By Olivia Proe
My middle school years were mostly friendless. It’s safe to say for for the first year or so, I had no friends in high school, either. So, when I started having people over towards the end of my sophomore year of high school, my parents were excited for me—and maybe a little relieved. They were as happy as I was to see me find my place.
My friend group was a motley crew, seeing as we all had been the misfits. But we found a place with one another and spent our Friday nights gossiping and drinking sodas in my basement.
How I Made Friends
I got my driver’s license the summer before my junior year. After that, I was a part-time resident in my own home. If I had a night off, I’d spend it shopping with the girls or playing video games with the guys. If I had friends over, we’d disappear downstairs. My parents didn’t mind at first. Later in the year, though, I felt myself losing touch with them. Family news seemed to bypass me. I wouldn’t hear about things as small as my mom’s haircut or as large as my grandmother’s surgery until they had already happened.
Feeling frustrated and a bit spurned, I remember snapping at my parents, “Why don’t you ever tell me anything?” To which they replied, “It’s because you’re never around!”
I didn’t distance myself because I loved or valued them any less. In hindsight, it was because I was scared. I came to the realization that I was gay during my junior year of high school and barely understood it. Explaining my feelings to my parents was too great a task for me at the time.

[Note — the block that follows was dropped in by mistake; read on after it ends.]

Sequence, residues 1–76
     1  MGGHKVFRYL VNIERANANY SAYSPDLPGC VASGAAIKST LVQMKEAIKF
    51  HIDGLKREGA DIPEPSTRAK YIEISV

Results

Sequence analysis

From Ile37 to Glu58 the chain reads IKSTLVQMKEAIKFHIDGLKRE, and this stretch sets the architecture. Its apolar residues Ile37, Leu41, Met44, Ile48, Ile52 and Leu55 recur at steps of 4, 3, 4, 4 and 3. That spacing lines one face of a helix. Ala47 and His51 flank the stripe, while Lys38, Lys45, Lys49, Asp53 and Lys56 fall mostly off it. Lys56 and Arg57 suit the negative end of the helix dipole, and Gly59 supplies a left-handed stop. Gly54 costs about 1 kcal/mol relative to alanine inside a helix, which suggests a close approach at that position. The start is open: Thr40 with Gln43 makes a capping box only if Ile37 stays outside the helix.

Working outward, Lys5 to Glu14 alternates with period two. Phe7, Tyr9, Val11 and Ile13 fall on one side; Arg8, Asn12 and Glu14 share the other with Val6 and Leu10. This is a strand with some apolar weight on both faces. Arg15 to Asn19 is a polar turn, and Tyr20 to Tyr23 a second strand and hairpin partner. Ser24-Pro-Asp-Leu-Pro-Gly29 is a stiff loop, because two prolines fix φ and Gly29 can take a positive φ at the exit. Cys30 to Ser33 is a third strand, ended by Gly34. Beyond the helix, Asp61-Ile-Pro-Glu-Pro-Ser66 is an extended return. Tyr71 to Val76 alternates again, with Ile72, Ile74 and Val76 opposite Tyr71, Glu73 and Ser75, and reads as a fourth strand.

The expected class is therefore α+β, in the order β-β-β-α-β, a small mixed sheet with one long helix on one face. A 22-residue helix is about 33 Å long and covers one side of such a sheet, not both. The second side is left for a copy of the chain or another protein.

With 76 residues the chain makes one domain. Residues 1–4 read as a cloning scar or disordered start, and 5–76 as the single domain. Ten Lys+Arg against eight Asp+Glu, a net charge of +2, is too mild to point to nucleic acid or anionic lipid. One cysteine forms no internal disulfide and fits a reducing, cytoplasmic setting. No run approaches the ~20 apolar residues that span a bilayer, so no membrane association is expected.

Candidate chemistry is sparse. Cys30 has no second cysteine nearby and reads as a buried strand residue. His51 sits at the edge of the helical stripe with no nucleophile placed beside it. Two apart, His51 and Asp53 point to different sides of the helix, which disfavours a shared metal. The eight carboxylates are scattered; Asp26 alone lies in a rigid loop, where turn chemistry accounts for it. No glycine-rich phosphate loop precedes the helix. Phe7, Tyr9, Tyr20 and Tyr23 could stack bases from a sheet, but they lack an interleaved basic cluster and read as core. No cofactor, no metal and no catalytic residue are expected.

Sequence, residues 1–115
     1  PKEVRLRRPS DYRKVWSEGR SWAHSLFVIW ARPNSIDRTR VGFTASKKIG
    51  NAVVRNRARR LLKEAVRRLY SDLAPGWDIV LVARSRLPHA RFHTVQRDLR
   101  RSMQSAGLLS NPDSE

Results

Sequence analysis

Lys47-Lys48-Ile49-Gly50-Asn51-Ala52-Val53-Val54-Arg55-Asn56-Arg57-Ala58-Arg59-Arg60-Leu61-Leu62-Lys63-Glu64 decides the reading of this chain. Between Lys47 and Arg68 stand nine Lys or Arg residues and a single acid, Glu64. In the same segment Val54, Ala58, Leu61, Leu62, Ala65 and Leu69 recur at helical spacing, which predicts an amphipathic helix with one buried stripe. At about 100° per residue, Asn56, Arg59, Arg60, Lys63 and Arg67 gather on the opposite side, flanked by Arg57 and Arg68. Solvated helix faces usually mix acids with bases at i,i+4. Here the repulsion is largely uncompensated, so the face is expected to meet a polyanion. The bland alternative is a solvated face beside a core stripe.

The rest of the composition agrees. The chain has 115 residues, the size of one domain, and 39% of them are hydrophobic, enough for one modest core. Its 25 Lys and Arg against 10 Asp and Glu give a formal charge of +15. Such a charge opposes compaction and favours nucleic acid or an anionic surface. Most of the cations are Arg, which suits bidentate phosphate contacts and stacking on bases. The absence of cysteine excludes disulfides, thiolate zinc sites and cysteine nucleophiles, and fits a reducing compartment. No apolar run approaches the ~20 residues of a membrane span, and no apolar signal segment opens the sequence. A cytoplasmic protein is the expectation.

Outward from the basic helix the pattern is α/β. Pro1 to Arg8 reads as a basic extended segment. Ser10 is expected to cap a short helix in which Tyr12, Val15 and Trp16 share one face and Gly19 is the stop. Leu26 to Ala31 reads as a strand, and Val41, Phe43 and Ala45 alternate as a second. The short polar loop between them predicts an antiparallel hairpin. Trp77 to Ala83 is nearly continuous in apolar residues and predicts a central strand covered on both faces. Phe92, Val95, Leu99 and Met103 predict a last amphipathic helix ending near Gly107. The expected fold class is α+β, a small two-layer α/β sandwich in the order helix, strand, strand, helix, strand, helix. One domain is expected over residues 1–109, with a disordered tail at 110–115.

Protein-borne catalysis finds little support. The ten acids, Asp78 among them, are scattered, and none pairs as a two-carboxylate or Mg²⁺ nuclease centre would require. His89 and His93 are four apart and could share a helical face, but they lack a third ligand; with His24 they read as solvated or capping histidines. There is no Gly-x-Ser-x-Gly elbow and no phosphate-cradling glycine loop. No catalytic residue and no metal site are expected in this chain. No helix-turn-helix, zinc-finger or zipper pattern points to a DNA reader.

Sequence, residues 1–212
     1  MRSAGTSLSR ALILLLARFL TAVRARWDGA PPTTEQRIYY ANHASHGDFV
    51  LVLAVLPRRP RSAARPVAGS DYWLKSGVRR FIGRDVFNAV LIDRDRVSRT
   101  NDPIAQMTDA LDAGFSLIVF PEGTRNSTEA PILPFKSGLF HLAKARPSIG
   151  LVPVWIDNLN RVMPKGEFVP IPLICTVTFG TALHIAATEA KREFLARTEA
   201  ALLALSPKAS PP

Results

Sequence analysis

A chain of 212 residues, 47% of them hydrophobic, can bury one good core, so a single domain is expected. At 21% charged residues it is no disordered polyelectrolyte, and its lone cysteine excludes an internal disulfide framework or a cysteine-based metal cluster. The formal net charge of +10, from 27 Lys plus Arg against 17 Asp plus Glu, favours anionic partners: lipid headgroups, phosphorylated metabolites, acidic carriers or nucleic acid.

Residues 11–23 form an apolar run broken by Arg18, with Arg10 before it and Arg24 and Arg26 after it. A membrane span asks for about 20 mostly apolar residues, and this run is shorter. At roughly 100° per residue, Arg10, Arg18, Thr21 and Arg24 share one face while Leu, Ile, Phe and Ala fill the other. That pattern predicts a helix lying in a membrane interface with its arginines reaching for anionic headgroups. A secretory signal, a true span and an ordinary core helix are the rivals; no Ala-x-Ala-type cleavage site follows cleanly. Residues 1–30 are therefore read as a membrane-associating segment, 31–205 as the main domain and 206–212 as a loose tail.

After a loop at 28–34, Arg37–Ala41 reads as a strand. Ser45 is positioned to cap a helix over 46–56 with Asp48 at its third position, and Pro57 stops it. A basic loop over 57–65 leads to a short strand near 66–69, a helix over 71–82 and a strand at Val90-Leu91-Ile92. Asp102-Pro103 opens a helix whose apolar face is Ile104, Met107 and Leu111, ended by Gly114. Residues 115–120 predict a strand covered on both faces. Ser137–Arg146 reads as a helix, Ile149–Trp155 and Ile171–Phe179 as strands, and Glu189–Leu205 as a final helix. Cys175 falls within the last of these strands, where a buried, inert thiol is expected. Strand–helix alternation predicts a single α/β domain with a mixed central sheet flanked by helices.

However, all of my friends were in some way LGBT. They were able to empathize with me and stand steadfast while I discovered myself. In a way, they served as a family during that time. They were never a replacement for my parents or younger sister. Instead, they supplemented my family’s love and supported me in a different way—especially before I came out to my family.
Now, I find myself missing both my family and friends in my first year of college. Their pictures hang above my dorm room bed, and not a day goes by that I don’t think about them. I’ve blossomed because of all of them and owe them all my newfound confidence. They’re both my families—whether by birth or by choice.
Olivia Proe is originally from Shaker Heights, Ohio. She is a student at the College of Wooster.